IBM, MTN deploy IOT for rhino conservation


The Internet of things (IOT) is being used to study animal behaviour, which will hopefully lead to better conservation efforts in and around South Africa.

IBM, in collaboration with MTN and the Wageningen University (WU) in the Netherlands, have been testing an IOT platform, called the MTN Connected Wildlife Solution, for the past 23 months at Welgevonden Game Reserve, in Limpopo.

The wildlife protection solution was created to combat rhino poaching, by predicting and preventing threats to endangered species.
“IOT uses identifiers – which can be linked to any object – to seamlessly transfer data over a network. In the current project, the identifiers are unique sensor collars placed on four different species of prey animals that roam the Welgevonden Game Reserve with the rhinos,” says MTN in a statement.
“For a 38 000-hectare rugged and hilly reserve with no cell coverage, this is ground-breaking.”

The data collected from the sensors is communicated via a wide area network server and backhauled over the MTN 3G/4G network.

IBM says rhino poaching has reached crisis levels in SA. “In 2016, 1 054 rhinos were killed in the region, representing a loss of approximately 6%, which is close to the birth rate. If this continues, the rhino population will remain dangerously close to extinction,” the company says in a statement.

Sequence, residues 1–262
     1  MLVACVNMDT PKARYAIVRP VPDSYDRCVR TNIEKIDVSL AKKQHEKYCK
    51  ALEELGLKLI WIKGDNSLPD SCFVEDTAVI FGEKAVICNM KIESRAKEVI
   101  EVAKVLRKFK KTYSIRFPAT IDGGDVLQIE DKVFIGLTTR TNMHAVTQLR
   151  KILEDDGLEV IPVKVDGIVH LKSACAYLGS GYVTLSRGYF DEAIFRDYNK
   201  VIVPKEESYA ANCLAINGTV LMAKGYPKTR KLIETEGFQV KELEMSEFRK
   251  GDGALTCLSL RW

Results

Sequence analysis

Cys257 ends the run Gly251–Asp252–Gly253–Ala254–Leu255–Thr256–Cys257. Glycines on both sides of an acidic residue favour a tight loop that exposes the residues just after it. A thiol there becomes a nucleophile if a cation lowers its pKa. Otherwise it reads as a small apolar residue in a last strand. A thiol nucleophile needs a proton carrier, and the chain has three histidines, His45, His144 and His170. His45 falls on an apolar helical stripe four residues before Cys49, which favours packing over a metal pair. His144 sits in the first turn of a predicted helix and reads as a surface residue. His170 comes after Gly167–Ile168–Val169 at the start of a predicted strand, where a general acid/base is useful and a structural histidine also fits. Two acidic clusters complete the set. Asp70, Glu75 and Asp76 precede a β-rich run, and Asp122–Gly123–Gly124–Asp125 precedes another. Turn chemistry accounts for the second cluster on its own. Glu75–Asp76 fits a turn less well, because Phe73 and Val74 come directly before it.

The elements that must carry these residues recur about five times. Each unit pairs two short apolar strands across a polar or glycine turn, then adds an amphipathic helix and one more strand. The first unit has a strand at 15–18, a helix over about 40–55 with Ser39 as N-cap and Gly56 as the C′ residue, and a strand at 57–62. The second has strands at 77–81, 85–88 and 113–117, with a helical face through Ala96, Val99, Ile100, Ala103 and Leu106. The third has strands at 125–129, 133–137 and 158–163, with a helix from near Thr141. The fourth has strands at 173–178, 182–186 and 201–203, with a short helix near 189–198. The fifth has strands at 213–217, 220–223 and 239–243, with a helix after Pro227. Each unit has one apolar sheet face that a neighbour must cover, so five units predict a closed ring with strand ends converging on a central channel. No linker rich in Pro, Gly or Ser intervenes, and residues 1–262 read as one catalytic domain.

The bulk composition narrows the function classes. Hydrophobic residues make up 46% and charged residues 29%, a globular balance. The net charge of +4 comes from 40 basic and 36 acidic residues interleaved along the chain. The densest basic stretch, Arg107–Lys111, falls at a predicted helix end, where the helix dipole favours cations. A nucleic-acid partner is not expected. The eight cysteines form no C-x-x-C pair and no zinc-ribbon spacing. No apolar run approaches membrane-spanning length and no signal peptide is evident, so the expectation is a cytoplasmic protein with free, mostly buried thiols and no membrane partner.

Through IBM’s Watson IOT platform and predictive analytics, the Welgevonden Game Reserve was able to monitor and collect information related to animal location, movement, direction and average speed of travel, along with other data – over a wide range.

Initial results show how animal behaviour changes during a full moon, reading clear danger signals in a breeding camp where no predators were known to hunt (it was subsequently determined an escaped leopard was on the prowl), and the very different reactions to a ranger vehicle approaching versus a predator.
“We are only scratching the surface of what predictive analytics, cognitive computing and big data can teach us about animal behaviour. However, when it comes to rhino poaching, the aim is to harness this data to radically bring down the number of kills by using sensors on animals in the park to determine danger levels and set teams in motion to save the animals,” says Mariana Kruger, GM for ICT solutions at MTN Business.

IBM says the solution will reduce the cost of expensive and largely ineffective methods of protecting wildlife currently used by game farms, such as the use of military personnel. “It is organised crime, and the immense amount of manpower and money that has to go in to saving rhinos is not sustainable,” says Kruger.

Kruger will be discussing the impact of the IOT on conservation in Africa at the Gartner/ITXpo, in Cape Town, this week. It is hoped the solution will bring down poaching to just one a year, globally.

The pilot phase of the project is set to provide enough inputs and use cases to drive further roll-out around the country in the next few months.